Through Lent with George Herbert
Tuesday after the Third Sunday of Lent
Lord, how can man preach thy eternal word?
He is a brittle crazy glass:
Yet in thy temple thou dost him afford
This glorious and transcendent place,
To be a window, through thy grace.
But when thou dost anneal in glass thy story,
Making thy life to shine within
The holy Preacher’s, then the light and glory
More rev’rend grows, and more doth win;
Which else shows watrish, bleak, and thin.
Doctrine and life, colors and light, in one
When they combine and mingle, bring
A strong regard and awe; but speech alone
Doth vanish like a flaring thing,
And in the ear, not conscience, ring.
I like to preach on the stained glass windows of a church. When a story arrives in the lectionary that links in with one of the windows in the church building I take advantage of it. St. Matthias Church in Victoria, BC, Canada, where I was the rector from 2014 to 2017, had a good collection of modern stained glass depicting stories from the Gospels and Genesis. The picture above was taken for an article about my lobbying around then-proposed legislation recriminalizing sex work, but the window behind it relates to refugee work. The window illustrates the story, originally from the Gospel according to Mark, of the Syrophonician woman, who begged Jesus to heal her daughter. The version in Matthew 15.21-28, where she is called a Canaanite woman, runs like this:
Jesus left that place and went away to the district of Tyre and Sidon. Just then a Canaanite woman from that region came out and started shouting, “Have mercy on me, Lord, Son of David; my daughter is tormented by a demon.” But he did not answer her at all. And his disciples came and urged him, saying, “Send her away, for she keeps shouting after us.” He answered, “I was sent only to the lost sheep of the house of Israel.” But she came and knelt before him, saying, “Lord, help me.” He answered, “It is not fair to take the children’s food and throw it to the dogs.” She said, “Yes, Lord, yet even the dogs eat the crumbs that fall from their masters’ table.” Then Jesus answered her, “Woman, great is your faith! Let it be done for you as you wish.” And her daughter was healed instantly.
In late February of 2015 I was asked if I would be the Refugee Coordinator for the Diocese of British Columbia. As a diocese we had sponsored hundreds of people, going back to the late ’70s with the exodus of Vietnamese fleeing oppression. With a Sponsorship Agreement with the federal government of Canada we had privately sponsored many individuals and families, raising money to settle them on Vancouver Island. When I took on the position we would sponsor some twenty people a year, creating one or two groups to sponsor them, applying on behalf of refugees, training volunteers, and waiting a long time – usually years – for approval to bring the refugees to Canada.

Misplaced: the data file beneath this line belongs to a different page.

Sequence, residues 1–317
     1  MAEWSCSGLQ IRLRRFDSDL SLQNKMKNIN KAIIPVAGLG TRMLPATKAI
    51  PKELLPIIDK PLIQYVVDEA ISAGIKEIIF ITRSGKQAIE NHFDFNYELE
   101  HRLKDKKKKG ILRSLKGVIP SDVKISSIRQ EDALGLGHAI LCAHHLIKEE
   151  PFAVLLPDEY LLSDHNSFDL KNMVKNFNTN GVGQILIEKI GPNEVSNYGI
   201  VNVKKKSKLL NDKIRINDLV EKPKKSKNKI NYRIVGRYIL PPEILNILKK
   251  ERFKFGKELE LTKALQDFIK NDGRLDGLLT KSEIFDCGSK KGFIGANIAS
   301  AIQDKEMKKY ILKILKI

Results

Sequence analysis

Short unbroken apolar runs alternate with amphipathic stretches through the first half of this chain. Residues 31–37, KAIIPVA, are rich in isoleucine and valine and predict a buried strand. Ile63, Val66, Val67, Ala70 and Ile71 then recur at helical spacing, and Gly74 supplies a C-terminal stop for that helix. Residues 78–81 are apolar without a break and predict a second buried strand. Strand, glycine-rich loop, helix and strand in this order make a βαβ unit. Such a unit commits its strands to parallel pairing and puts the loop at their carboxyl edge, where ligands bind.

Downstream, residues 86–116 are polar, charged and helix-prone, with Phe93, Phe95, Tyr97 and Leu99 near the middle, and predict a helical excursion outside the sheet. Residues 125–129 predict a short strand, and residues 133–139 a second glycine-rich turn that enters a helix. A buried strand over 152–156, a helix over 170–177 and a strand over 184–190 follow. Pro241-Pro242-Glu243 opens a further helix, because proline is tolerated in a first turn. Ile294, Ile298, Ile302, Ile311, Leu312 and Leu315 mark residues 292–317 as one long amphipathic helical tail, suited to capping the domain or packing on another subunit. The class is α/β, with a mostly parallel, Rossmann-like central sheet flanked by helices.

Then in September 2015 everything suddenly changed. A toddler died in the waters between Turkey and Greece. The toddler was Alan Kurdi, a Syrian refugee whose family had sought to find a home in Canada, but whose application was denied on technical grounds. So instead the family sought a home in Europe, and they attempted to cross the short distance between the mainland of Turkey to a Greek island. The boat was overloaded, and capsized. The child’s mother and sibling also died in the attempt to cross over. A photograph of the young child, dead on the beach, made the front covers of the newspapers, and circulated rapidly because of social media. Because of the connection to Canada there was a strong reaction. A well of compassion erupted, and I saw a once-in-a-lifetime opportunity for mobilizing people to privately sponsor Syrian refugees. We could not help little Alan Kurdi, but we could do our best to make sure that some Syrians would make it to Canada.
Long story short, after two years some 250 Syrians and refugees from other nations had come to Vancouver Island and the Gulf Islands, or were in process of being sponsored. We had somewhere between five-hundred and eight-hundred volunteers in over fifty groups up and down the islands. To set up these groups we worked with other churches, a group of doctors, and neighbourhood groups. Two staff were hired on to do the massively expanded work, and gradually my role became redundant – I worked myself out of a job. It’s probably the most important work I’ve done in my life.
The poem “The Windows” talks about the improbability of the good news being effectively preached by the fragile, imperfect person of the ordinary minister. Herbert compares the preacher to a window, who, although akin to brittle, crazy glass, can still show forth a story. The last stanza extols the values of imagery over mere speech. Speech is transitory and might not move one’s conscience to do good works for God and for one’s neighbour. Windows, for Herbert, were permanent, and had an eloquence that transcended long sermons. Herbert would have had in mind the centuries of beautiful stained glass in churches, chapels, and cathedrals, most of which were to be destroyed within a decade of his death by the iconoclastic Puritans of Oliver Cromwell and the English Commonwealth.
The life of a preacher is like that. They are to be windows into the divine, such that you forget the medium and see only the story being shone forth. In my work with refugees I sought to preach in my actions the good news of Jesus. Jesus, who in youth we are told was a refugee in Egypt, reached out to the Syrophonician woman. In our day we seek and seek to help refugees from the Syrian Civil War and others who are seeking safety from war. I am a brittle, crazy glass, and so are you, but I pray that our lives may show forth in word and deed the love of God in Christ.